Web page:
At the heart of the problem is the 2B software which sits at the heart of the $391 billion programme.
Lieutenant General Chris Bodgan said software testing in December revealed problems with the ability of the jets to fuse data about threats on the ground when four F-35s were flying at once. Rhis has lead to project delays.
The issue was being corrected and tested, he said, but the final version of the software would not be ready until early autumn instead of June.
As a result, Lockheed would likely forfeit some of the $300 million in incentive fees linked to completion of three separate software packages – 2B, 3I and 3F – for the jet, he said.
Bogdan said the current version of the software was safe for pilots to fly and the program office could have fixed the problem as part of the 3I software effort, but was pressing ahead now to avoid future delays.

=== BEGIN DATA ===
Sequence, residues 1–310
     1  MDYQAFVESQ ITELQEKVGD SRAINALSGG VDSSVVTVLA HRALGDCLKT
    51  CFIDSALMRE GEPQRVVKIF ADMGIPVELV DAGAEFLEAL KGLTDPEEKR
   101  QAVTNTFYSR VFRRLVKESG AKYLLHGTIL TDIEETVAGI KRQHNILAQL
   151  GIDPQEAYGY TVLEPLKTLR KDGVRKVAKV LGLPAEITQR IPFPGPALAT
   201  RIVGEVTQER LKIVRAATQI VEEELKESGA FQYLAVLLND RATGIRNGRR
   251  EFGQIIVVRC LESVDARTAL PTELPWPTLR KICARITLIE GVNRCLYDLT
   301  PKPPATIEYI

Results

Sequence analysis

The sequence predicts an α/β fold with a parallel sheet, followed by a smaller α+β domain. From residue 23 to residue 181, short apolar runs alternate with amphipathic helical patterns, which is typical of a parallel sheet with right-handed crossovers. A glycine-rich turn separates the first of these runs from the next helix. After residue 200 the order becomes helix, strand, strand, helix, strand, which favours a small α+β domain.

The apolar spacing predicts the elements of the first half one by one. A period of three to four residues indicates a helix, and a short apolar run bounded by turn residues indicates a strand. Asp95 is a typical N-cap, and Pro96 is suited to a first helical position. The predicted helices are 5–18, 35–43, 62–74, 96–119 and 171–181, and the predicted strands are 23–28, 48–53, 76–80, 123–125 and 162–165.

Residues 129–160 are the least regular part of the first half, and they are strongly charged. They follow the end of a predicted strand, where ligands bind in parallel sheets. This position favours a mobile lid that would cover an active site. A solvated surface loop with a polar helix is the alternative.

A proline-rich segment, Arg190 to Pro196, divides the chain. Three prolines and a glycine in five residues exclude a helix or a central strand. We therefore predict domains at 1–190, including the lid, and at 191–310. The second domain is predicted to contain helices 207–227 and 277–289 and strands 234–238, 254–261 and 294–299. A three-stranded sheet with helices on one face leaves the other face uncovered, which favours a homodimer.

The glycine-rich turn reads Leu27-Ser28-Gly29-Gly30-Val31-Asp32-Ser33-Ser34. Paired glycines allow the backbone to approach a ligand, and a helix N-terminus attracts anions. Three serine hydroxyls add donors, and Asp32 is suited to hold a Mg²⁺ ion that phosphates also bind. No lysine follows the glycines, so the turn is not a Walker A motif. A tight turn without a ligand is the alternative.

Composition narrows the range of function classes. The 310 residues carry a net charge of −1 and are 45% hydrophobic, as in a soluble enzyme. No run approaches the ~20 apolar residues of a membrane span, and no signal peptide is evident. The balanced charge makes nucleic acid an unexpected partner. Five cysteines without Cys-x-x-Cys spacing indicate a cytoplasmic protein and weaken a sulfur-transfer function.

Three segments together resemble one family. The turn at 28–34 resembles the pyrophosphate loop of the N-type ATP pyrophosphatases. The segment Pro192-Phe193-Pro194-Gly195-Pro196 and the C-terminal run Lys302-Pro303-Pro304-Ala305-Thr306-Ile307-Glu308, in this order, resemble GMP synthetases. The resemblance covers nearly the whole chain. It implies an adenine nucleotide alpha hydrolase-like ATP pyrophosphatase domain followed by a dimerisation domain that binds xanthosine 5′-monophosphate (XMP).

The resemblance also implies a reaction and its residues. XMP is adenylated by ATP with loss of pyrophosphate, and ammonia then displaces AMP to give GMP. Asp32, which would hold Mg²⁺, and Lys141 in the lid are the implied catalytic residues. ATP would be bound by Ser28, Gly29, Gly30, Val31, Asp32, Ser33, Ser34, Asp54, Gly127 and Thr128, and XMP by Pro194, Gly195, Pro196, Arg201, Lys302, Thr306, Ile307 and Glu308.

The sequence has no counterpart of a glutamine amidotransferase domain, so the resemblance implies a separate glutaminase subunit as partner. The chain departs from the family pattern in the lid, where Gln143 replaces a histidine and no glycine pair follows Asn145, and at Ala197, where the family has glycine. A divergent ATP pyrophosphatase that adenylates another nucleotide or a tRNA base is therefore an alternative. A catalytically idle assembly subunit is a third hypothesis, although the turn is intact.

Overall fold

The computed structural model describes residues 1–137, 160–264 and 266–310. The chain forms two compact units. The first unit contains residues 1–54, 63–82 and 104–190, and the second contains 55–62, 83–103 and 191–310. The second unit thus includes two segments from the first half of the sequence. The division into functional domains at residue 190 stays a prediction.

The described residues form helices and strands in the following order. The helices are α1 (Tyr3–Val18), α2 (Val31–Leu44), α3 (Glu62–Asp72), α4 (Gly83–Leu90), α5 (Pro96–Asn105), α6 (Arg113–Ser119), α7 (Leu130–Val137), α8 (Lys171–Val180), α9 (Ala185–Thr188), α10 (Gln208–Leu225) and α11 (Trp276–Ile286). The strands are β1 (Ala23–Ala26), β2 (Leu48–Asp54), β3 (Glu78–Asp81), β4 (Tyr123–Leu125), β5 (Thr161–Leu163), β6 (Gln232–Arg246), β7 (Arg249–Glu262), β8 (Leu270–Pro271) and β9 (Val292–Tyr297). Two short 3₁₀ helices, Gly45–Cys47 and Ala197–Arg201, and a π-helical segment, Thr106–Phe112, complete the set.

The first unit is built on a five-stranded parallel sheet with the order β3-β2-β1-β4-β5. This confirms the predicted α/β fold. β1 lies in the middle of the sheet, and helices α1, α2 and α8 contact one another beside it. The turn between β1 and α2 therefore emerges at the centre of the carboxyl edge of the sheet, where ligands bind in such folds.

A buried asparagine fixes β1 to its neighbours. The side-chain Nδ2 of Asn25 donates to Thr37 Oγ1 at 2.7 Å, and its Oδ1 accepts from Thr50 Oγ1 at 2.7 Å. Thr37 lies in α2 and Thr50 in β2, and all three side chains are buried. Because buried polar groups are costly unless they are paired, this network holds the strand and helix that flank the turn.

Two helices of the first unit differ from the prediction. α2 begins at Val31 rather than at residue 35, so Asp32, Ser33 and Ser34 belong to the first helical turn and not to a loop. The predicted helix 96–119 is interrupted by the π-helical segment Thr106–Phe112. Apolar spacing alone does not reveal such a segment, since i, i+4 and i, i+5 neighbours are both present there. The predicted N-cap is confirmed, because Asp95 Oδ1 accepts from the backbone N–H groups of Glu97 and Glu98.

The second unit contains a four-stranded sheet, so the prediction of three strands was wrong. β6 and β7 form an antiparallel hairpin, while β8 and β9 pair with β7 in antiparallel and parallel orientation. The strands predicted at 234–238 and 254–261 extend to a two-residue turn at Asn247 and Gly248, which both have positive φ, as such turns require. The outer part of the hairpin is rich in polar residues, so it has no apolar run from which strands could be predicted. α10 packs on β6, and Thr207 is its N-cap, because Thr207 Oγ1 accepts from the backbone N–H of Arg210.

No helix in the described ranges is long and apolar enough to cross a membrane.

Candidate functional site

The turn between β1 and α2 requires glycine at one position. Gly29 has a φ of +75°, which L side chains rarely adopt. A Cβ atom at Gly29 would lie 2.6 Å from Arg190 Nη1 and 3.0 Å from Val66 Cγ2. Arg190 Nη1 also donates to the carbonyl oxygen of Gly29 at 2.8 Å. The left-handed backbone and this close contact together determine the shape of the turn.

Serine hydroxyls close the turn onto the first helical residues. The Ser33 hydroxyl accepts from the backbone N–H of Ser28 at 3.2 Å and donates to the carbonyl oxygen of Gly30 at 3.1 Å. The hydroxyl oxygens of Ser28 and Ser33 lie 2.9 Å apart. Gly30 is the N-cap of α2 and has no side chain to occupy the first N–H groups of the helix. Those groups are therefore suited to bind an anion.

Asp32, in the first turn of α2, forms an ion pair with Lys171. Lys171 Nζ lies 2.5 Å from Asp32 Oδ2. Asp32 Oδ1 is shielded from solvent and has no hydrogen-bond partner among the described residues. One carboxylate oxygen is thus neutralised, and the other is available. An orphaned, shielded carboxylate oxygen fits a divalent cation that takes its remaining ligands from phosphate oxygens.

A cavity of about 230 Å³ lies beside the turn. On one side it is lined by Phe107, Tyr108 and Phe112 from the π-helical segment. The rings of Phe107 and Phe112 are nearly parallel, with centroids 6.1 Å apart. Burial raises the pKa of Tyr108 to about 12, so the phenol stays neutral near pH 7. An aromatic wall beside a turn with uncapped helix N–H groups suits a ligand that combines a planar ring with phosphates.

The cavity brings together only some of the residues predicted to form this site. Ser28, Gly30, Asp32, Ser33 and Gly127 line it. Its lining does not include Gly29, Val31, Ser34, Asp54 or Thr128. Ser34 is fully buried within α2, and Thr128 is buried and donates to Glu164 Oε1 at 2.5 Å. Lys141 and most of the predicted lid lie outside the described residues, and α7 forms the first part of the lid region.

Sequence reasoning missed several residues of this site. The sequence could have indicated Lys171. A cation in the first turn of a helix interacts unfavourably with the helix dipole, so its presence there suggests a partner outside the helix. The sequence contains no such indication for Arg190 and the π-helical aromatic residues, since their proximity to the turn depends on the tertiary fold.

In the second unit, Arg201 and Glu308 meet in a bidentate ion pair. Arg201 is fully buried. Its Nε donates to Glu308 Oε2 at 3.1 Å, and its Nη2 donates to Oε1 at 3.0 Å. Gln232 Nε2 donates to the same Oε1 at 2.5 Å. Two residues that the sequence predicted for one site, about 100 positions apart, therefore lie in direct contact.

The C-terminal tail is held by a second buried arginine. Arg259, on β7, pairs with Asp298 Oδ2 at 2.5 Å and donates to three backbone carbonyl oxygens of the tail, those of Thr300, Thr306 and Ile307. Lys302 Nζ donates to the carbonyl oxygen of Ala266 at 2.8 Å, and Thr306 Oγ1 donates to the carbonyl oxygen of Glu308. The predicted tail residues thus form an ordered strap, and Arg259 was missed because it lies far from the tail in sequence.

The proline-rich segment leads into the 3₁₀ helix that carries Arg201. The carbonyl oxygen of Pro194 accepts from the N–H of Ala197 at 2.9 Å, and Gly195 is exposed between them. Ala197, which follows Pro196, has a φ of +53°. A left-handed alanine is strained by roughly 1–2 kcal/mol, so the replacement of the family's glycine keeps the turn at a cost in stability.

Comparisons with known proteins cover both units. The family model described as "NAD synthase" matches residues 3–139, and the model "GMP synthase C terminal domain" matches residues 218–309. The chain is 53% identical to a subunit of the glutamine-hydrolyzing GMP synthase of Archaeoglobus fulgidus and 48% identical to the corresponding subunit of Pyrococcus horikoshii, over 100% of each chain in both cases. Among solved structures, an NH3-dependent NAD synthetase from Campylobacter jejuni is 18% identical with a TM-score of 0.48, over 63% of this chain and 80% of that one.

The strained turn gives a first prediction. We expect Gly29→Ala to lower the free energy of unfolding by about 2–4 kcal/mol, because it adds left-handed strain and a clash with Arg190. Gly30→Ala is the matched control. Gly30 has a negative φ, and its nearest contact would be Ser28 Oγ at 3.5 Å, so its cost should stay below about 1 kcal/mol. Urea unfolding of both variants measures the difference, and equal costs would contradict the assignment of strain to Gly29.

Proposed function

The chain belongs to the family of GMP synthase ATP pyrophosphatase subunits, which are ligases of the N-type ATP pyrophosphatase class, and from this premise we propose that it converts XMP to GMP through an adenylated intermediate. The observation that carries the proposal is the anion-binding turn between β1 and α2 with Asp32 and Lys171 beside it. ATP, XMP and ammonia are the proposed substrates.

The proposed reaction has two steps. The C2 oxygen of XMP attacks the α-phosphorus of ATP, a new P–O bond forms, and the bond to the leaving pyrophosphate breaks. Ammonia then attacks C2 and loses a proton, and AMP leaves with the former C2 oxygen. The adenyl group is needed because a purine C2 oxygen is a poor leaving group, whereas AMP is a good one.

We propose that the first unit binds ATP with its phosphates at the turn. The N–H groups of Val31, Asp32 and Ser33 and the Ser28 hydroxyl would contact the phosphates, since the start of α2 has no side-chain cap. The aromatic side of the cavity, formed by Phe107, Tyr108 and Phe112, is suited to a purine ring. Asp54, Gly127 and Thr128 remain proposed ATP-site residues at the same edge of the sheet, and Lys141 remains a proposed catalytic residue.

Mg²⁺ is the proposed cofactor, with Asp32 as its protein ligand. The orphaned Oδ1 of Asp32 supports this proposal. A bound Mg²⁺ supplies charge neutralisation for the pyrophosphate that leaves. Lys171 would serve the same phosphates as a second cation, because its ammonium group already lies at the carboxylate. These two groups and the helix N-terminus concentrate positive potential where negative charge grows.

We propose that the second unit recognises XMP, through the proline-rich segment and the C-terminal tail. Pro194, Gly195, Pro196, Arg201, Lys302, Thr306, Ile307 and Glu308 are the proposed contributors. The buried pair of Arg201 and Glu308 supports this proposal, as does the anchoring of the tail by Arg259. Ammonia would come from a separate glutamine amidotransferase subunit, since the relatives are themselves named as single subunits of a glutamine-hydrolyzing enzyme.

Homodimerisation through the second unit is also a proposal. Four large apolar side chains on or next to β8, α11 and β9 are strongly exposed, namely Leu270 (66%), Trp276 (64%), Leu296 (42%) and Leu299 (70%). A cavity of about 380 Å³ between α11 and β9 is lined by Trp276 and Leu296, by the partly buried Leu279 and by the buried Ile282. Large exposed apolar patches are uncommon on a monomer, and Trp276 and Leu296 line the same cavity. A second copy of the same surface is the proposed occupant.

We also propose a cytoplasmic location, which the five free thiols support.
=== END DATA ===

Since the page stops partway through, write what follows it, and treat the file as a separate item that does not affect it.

For instance, the fusion problem did not occur when two jets shared data, which meant the Marines could fly two sets of two jets, instead of combining them into a four-jet set, he said.
The software was closely monitoring work on a computer-based logistics system, bulkhead issues with the B-model, and efforts to make the planes more reliable.
Despite all this, the Marines are happy with the programme which in other respects was doing well.